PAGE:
To understand why international governing bodies face such a devastating conflict of interest, it helps to know a bit about the nuts and bolts of the anti-doping bureaucracy. The most prominent and perhaps the most credible agency in the PED universe, the World Anti-Doping Agency, actually does very little testing. Instead, it decides which drugs and supplements are banned, and it helps standardize testing rules among sports and countries. On-the-ground testing falls to a number of smaller organizations.
Most often athletes are tested by a sport’s international governing body, like running’s IAAF; a country’s own doping agency, like the United States Anti-Doping Agency; or even a major race organization. But the phrase “tested by” is euphemistic. Most organizations rely on third-party contractors, both to collect samples and analyze samples in the lab. USADA employs its own sample collectors, and its contracted drug labs must release their results back to both WADA, the U.S. Olympic Committee, and USADA—which makes corrupting the process relatively difficult.* But not all governing bodies have the same requirement. If an athlete tested by the IAFF returns a positive result, only the IAAF is notified, according to Rule 36 of the organization’s competition rules, potentially giving the organization an opportunity to cover up the result. An IAAF spokesman had not responded to Outside’s request for an interview at the time of publication.
In general, the system works well when the agency paying for the test is independent. USADA tests many American athletes, and though it receives most of it’s funding from Congress, it operates without government oversight. “We know that it’s difficult, if not impossible, to both police and promote your own sport,” USADA spokesperson Annie Skinner told me. “We’re here solely to protect the rights of clean athletes and protect the integrity of sport.”
When a marquee athlete tests positive, many international sports organizations—the UCI, the IAAF, the International Triathlon Union—may find themselves in the unenviable position of destroying the career of a world-famous athlete. Or, in Russia’s case, an athlete critical to the country’s identity. Until Seppelt’s report, the IAAF's conflict of interest had been largely theoretical. I was not aware of suspicions that the IAAF accepted money to make doping positives go away, and the organization had shown integrity by banning a number of big-name athletes in the past several years.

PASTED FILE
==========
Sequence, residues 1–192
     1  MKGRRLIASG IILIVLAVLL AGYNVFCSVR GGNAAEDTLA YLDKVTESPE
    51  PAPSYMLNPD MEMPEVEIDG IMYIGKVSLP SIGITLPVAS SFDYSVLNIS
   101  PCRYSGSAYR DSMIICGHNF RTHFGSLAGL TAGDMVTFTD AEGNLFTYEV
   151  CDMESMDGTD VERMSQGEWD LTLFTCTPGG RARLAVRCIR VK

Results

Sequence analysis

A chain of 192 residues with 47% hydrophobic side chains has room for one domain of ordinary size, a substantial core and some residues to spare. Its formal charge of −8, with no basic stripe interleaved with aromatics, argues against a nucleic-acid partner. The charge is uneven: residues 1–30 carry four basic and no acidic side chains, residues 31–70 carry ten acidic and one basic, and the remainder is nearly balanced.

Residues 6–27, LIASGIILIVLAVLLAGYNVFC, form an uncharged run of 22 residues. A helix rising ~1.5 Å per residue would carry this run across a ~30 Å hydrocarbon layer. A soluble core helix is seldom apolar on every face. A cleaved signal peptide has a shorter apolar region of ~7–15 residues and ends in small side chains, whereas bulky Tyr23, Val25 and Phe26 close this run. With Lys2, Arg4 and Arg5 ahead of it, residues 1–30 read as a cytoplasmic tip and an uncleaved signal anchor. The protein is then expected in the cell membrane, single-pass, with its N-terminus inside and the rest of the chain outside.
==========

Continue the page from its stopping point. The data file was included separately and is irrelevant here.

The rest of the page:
The IAAF’s current role in anti doping can’t be overstated. Most countries, including Ethiopia and Kenya, cannot afford an independent anti-doping agency. So they depend entirely on IAAF to oversee testing. (Because USADA is well funded and independent, IAAF only occasionally tests American runners away from competitions.) An allegation of corruption in the IAAF, then, means that the one agency keeping an eye on the world’s best runners has now lost its claim to independence and integrity.
In that sense, governance has clearly superseded testing as the biggest threat to a level playing field in Olympic-movement sports. Earlier this week, Sebastian Coe, a favorite to become IAAF president next year, called for an independent global testing agency—a USADA for the world. WADA, which announced an investigation into Russia’s athletics federation and the IAAF on Thursday, would be the obvious choice to lead that effort, but Catlin isn’t optimistic.
“That would fix it, but that’s not likely to happen,” he said, noting the agency’s funding shortfalls. “WADA can hardly keep up with it’s own problems, let alone take these things on.”
*This sentence was modified to explain that USADA does not contract out its sample collections.